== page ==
5.OCT.2017 5 MIN READ | 5 MIN READ

Someone around you starts wheezing and coughing vigorously. What should you do?

According to the World Health Organisation, about 235 million people suffer from asthma. Inhaled substances and particles that may irritate the airways or provoke allergic reactions have long been cited as the top risk factors for developing asthma.

Although the haze situation in our region has been improving over the years, it continues to plague the region yearly, making the air quality issue a very real one. Notably, increased air pollution owing to economic development is another culprit contributing to irritants in the air.

Dr Ong Kian Chung, respiratory physician at Mount Elizabeth Hospital, explains asthma and what to do when someone is having an asthma attack.

What is asthma?

Asthma is a chronic disease caused by inflamed bronchial tubes in the lungs. These inflamed tubes increase the production of sticky secretions within. Hence, asthma patients’ airways are often inflamed, tightened or filled with mucus.

Asthma attacks can take place when the airways become more inflamed than usual, thus producing thicker mucus.

How to treat asthma?

Asthma inhalers are commonly used to alleviate symptoms and attacks.

The inhaler delivers anti-inflammatory drugs that can help reduce swelling and mucus production, preventing and alleviating asthma attacks.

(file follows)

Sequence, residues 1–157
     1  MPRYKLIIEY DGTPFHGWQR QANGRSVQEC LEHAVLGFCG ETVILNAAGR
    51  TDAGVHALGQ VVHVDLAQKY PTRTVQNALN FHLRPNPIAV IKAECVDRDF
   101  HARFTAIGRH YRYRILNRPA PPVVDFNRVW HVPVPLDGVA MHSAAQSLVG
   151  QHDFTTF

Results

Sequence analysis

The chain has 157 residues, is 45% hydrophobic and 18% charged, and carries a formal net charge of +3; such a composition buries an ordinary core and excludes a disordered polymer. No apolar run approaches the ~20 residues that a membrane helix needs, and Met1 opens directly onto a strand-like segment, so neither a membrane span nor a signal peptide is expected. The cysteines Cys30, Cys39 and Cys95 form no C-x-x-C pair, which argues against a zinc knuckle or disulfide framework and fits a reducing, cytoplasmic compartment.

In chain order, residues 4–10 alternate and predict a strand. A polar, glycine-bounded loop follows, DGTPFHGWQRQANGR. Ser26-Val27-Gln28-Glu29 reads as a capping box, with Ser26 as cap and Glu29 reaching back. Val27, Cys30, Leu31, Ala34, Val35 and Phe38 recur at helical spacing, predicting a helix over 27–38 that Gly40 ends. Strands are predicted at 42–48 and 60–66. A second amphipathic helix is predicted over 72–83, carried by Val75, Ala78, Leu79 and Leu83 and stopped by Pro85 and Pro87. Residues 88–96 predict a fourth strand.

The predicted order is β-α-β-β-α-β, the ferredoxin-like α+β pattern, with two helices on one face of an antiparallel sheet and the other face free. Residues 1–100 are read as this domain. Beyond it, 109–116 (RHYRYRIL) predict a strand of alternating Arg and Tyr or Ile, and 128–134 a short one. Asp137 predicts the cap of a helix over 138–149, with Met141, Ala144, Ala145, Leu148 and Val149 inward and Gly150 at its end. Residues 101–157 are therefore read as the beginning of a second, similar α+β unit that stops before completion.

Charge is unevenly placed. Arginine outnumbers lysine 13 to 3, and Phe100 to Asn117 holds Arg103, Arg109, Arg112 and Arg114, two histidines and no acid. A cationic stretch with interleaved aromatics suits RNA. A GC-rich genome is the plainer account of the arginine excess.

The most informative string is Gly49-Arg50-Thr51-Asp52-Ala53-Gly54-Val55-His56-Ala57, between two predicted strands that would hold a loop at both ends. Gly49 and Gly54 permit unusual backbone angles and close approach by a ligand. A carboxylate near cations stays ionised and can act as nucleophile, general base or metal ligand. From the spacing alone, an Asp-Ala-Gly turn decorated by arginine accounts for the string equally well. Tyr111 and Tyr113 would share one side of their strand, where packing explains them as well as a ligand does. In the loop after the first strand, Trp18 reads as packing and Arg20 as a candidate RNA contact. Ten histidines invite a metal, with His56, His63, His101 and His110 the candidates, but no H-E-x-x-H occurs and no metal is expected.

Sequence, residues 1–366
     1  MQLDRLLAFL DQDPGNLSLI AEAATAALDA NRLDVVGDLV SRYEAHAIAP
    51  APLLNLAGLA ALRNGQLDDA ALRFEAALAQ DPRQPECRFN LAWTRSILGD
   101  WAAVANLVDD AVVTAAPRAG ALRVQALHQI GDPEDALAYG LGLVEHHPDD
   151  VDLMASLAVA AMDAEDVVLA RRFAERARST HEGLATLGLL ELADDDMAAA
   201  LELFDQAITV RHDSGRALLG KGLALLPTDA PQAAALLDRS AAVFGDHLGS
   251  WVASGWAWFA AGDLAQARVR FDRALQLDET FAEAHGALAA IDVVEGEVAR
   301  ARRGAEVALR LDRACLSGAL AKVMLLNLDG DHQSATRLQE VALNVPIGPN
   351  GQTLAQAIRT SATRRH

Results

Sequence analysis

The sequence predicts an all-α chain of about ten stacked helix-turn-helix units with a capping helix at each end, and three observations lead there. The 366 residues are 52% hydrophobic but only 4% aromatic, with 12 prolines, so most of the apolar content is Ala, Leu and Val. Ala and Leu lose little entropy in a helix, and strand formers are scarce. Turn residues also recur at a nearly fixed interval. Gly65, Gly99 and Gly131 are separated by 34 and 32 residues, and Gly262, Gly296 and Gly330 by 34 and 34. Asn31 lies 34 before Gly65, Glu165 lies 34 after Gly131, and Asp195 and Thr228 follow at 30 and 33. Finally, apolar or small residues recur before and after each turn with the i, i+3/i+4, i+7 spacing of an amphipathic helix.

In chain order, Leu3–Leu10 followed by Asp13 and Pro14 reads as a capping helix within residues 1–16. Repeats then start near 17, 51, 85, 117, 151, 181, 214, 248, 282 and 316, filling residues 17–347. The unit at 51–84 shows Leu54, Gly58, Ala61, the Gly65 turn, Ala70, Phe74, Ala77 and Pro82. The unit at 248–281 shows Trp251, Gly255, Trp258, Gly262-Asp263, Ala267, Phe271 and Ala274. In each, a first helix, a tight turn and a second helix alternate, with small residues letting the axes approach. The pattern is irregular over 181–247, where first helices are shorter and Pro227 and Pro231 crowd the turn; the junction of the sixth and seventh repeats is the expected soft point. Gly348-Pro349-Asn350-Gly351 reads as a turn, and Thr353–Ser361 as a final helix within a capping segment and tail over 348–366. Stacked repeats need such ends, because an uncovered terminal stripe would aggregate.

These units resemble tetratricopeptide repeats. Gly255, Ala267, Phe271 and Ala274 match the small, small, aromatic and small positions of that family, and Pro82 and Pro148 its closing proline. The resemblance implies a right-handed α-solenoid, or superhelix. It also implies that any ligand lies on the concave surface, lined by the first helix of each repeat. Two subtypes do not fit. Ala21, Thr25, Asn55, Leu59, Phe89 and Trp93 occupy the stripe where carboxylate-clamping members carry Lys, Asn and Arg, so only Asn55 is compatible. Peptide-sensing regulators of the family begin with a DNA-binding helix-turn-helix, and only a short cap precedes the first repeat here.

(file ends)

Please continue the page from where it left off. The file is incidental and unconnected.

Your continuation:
How to know someone is having an asthma attack

When you notice the person experiencing:

  • Quick, short and shallow breaths
  • Incessant coughing
  • Clutching chest
  • Whistling sound when breathing out
  • Pale, sweaty face
  • Difficulty talking
  • Blue lips or fingernails

How to help someone having an asthma attack

1. Remind the person to reach for an inhaler
2. Guide the person away from potential asthma triggers
3. Help the person to sit upright to ease breathing
4. Speak in a soothing manner and calm the person down
5. Loosen clothing if it appears to be restricting the person’s breaths
6. Encourage the person to take long, deep breaths inhaling through the nose and exhaling through the mouth

What if there is no inhaler available?

If there is no inhaler around, call an ambulance immediately. While waiting for the ambulance to arrive, follow the above steps 2 – 6 to alleviate the breathing difficulty.

5.OCT.2017
img
Ong Kian Chung
Respiratory Physician
Mount Elizabeth Hospital

Dr Ong Kian Chung is a respiratory physician practising at Mount Elizabeth Hospital, Singapore. He subspecialises in intensive care medicine and treats respiratory disorders, such as chronic obstructive pulmonary disease (COPD), sleep apnoea, bronchitis, wheezing, asthma, shortness of breath and lung cancer.